As we mature and grow into adulthood, we are encouraged by our parents to follow in their footsteps and also take on the responsibility to have children. We are well aware that parents look forward to the day when they will experience the joy of being grandparents and, as well, be assured that the family name and history continues. There are those parents who will push the issue, encouraging the process, regardless whether their offspring wish to have children.
Many reasons exist for some folks not to have children; they feel perhaps they will be limited in their future professions. Then, many realize that if they are gay, the likelihood of becoming parents may be limited and the push is on. “Oh mom and dad, I have something to tell you. I am gay and I may not become a parent, therefore, no grandchildren for you, at least not from me.”
The news is shocking to some moms and dads, perhaps not realizing their child is gay, or some if they are aware push the child to find a mate of the opposite sex and simply ignore one’s sexual orientation.
When we come into this world, unaware of what lies ahead, we learn soon enough how the road to acceptance by one’s family will affect family connectedness. Sadly, the facts state that this problem is common, even in 2018. Statistics show that many teens continue to be rejected by parents, siblings and other family members. The results may be drastic as suicides remain a dominant issue among gays and second to Indigenous deaths as cause of death. Family support is crucial, and will prevent drastic measures and save lives.
We also are very aware of the bullying in our schools, churches and the workplace. This reality affects the well-being of a gay person, and extends to all LGBTQ2 individuals. Revealing to family members that one is in a body that is completely against their nature, may be a received with disappointment, and even anger. To be ousted from the family is a distinct possibility.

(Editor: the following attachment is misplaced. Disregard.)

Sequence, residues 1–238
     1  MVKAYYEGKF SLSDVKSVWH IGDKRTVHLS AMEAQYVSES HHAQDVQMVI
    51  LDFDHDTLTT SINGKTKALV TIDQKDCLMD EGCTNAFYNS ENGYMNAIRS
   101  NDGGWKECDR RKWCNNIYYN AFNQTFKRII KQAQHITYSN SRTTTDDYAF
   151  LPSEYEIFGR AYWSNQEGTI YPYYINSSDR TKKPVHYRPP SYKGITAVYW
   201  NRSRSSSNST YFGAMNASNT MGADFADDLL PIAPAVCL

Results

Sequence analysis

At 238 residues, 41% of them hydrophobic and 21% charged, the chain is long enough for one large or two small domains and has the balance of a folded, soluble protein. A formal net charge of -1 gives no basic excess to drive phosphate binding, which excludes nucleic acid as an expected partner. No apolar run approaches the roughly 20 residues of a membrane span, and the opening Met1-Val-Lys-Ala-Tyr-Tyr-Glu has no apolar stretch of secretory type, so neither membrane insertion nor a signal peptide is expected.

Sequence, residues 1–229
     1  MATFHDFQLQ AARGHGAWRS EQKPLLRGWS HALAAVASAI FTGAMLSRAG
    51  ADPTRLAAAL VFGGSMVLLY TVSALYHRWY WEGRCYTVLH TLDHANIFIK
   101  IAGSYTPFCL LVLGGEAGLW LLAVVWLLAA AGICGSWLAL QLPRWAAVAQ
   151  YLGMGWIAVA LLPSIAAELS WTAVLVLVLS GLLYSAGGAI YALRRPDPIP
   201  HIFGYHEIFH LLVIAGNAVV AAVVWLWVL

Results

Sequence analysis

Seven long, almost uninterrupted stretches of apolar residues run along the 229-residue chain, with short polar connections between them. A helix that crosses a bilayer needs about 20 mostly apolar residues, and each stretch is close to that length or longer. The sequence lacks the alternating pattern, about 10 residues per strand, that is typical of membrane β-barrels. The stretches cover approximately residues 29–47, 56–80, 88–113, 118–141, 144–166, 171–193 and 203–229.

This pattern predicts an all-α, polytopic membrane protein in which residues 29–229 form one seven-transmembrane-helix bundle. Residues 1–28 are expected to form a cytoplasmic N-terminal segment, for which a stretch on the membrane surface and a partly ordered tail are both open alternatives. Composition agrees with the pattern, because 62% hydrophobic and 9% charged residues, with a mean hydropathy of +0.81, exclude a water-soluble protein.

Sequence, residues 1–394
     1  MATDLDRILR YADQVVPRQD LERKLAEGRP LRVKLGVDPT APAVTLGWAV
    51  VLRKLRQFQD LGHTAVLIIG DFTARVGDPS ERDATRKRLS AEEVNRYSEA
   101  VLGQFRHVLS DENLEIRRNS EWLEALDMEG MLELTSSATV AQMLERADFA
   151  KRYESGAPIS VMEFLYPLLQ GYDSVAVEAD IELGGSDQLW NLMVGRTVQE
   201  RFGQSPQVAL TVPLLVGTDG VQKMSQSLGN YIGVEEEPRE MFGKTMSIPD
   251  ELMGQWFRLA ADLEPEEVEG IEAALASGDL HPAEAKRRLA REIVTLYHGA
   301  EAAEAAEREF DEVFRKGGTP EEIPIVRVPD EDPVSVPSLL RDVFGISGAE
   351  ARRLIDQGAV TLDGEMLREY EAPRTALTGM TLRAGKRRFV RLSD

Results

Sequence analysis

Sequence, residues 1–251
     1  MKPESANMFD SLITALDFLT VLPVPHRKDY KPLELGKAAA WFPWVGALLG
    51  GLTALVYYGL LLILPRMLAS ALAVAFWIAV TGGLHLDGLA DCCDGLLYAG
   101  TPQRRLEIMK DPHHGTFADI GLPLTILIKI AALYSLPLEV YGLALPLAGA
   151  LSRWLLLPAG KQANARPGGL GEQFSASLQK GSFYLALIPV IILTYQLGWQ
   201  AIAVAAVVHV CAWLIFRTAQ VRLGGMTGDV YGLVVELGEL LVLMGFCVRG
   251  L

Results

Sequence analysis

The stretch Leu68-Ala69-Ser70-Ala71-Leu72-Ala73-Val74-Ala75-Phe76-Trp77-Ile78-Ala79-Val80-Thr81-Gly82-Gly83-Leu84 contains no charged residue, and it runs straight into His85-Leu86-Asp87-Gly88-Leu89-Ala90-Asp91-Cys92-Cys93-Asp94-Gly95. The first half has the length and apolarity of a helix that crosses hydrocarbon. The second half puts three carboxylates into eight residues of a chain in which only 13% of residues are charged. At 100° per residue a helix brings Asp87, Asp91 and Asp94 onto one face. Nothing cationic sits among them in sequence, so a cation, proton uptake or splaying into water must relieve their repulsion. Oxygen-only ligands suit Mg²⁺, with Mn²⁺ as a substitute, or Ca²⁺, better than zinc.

So, how does rejection affect those who are ejected from their families? Many need professional help, and others simply look for a friend or family member to lend an ear and just listen. Families must take responsibility and take the child’s true feelings into consideration and not dwell on a notion that someday the problem will disappear. They must face the fact that their child’s “condition” is not a problem, but a natural human existence. The problem is strictly attached to the family member/members, who should seek help in solving the sometimes agonizing problem associated with LGBTQ2 acceptance.
For many parents, or other family members and indeed “friends” lacking civility towards a child who identifies as gay, transgender, or any other identity, this can be traumatic as well, and may turn into a deep-seated lifetime torment. Most of us long to be in a family where we are all treated with love and respect, and have an existence that that is lived in harmony with all others and is unconditional. A solution is difficult to obtain as this is a type of family discrimination that may have dire consequences. Statistics are stunning in content. Families are torn apart by all sorts of condemnation that parents are dishing out, which in most cases is of religious-belief origin.
From generation to generation, the influence has been ingrained in people and that must stop if change is to succeed. We question and we delve into the whys and the wherefores, but hit a stone wall with many family members. Love, respect and embrace are imperative. Strive for family support.
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Gerard Veldhoven is a longtime activist for the lesbian, gay, bisexual and transgender community. His column appears Wednesdays in The News.